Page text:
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Renting vs. Owning: Building Equity and Tax Advantages July 25, 2006

Posted by Participant in Uncategorized.

A global dilemma with familiar example…

(ARA) – Homeowners who have already secured their dream home know what a great investment they’ve made. However, millions of renters continue to have misconceptions about the home buying process, often delaying a home purchase by saying “it’s too complicated” or “interest rates are too high.” What renters don’t realize is that in the long term they can’t afford not to buy a home.

For many Americans, owning a home is the cornerstone of their financial wealth. Building equity in a home, combined with tax advantages offered by both federal and state governments, has driven home ownership to record levels. Currently, according to the Homeownership Alliance, 69 percent of American households have chosen home ownership over renting for these, as well as other reasons.

Buying a home is not as complicated as it may seem. As with any large investment, it’s important to thoroughly understand the purchasing process and the obligations associated with taking out a mortgage. Over the years, reputable mortgage institutions, such as GMAC Mortgage, have made the home buying process simple and easy to manage for potential homebuyers, especially first-time buyers.

For example, the gmacmortgage.com Web site offers information on many commonly asked questions about buying a home for the first time. And, for Latino consumers, the company offers bi-lingual loan officers who can provide information either in person, in selected markets, or by telephone.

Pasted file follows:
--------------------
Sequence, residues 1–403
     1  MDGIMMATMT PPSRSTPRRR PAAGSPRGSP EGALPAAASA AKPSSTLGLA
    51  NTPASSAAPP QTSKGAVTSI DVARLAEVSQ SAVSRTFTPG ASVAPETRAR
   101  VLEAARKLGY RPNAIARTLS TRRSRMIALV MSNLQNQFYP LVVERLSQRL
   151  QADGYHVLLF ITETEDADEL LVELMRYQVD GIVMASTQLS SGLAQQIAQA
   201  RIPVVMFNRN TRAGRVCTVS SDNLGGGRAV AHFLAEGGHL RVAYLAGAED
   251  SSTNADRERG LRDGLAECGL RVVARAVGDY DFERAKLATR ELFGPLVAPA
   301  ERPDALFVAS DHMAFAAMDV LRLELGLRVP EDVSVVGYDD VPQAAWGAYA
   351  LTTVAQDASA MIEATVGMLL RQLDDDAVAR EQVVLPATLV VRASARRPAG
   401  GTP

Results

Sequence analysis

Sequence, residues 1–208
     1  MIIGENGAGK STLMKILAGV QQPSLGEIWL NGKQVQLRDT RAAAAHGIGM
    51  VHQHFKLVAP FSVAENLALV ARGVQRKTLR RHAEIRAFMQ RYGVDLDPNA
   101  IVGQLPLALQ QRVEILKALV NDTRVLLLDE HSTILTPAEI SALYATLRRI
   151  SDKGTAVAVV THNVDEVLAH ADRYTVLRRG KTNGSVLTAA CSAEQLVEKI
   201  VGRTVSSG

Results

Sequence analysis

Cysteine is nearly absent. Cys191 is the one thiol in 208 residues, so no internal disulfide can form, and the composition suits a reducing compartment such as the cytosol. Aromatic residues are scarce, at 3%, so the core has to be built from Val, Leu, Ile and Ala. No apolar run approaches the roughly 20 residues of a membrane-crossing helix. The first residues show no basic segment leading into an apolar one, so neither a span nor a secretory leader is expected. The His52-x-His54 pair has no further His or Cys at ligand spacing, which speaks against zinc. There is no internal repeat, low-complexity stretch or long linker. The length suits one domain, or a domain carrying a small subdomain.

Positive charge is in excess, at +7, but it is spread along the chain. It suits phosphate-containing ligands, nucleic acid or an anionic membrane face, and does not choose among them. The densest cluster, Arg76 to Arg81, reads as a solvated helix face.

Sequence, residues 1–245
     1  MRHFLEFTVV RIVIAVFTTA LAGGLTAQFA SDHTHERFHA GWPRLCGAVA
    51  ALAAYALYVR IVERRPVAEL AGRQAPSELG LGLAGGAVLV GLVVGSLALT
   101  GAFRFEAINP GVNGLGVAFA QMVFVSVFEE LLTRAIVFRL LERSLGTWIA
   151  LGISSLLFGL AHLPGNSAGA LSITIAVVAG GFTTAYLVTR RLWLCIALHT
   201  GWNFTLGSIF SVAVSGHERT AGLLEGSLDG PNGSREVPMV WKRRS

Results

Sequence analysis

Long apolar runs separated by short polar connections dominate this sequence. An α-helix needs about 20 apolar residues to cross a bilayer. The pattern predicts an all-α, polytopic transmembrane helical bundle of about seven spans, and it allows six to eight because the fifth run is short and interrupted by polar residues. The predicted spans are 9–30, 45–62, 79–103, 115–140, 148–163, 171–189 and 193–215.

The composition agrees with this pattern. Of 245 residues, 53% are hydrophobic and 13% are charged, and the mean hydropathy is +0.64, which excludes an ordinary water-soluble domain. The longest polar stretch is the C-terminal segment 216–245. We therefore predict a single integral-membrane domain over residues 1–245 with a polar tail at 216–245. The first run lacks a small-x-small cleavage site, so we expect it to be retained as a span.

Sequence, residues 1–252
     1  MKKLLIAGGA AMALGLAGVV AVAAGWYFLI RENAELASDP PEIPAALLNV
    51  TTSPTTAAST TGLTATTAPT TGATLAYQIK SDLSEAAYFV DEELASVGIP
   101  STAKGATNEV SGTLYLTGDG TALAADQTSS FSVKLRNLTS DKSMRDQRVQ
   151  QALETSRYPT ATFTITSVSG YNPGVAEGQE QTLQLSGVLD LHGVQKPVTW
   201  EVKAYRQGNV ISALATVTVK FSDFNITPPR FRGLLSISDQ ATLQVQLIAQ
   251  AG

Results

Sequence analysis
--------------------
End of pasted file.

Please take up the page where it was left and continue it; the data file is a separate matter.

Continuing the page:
One of the key steps in determining whether you should become a homeowner versus a home renter, is understanding how the amount you dedicate each month to paying for shelter could better serve you through the building of equity.

For example, let’s look at a renter with a monthly rent payment of $600. Over five years, that person will have spent $36,000 on rent. In 10 years, that number rises to $72,000. That’s a large amount paid with no equity in return.

Now, if this same amount were applied to paying a mortgage, a portion of each month’s payment would go toward paying down the principle (the price at which you purchased the home less a down payment), which would allow you to build ownership in the property. In addition, the interest that you pay each month, as well as any property taxes, can be deducted on your federal income taxes. In essence, the U.S. government is financing a portion of your mortgage as an incentive for you to own a home. These tax advantages are not available to renters.

On the flip side, probably the most important advantage of renting is the flexibility it offers in terms of moving. The mortgage industry understands this concern and has created numerous financing products that allow a homeowner to better manage his or her cash flow as it relates to anticipated changes, such as moving to a larger home, relocation, or other financial pressures. A mortgage professional can help you understand the types of financing options that would best suit your individual circumstances.

Historically speaking, interest rates remain at their lowest levels in years. If you’ve ever thought about owning a piece of the American Dream, contact a mortgage professional to learn more about mortgages and to better understand the advantages of owning versus renting.

Courtesy of ARA Content



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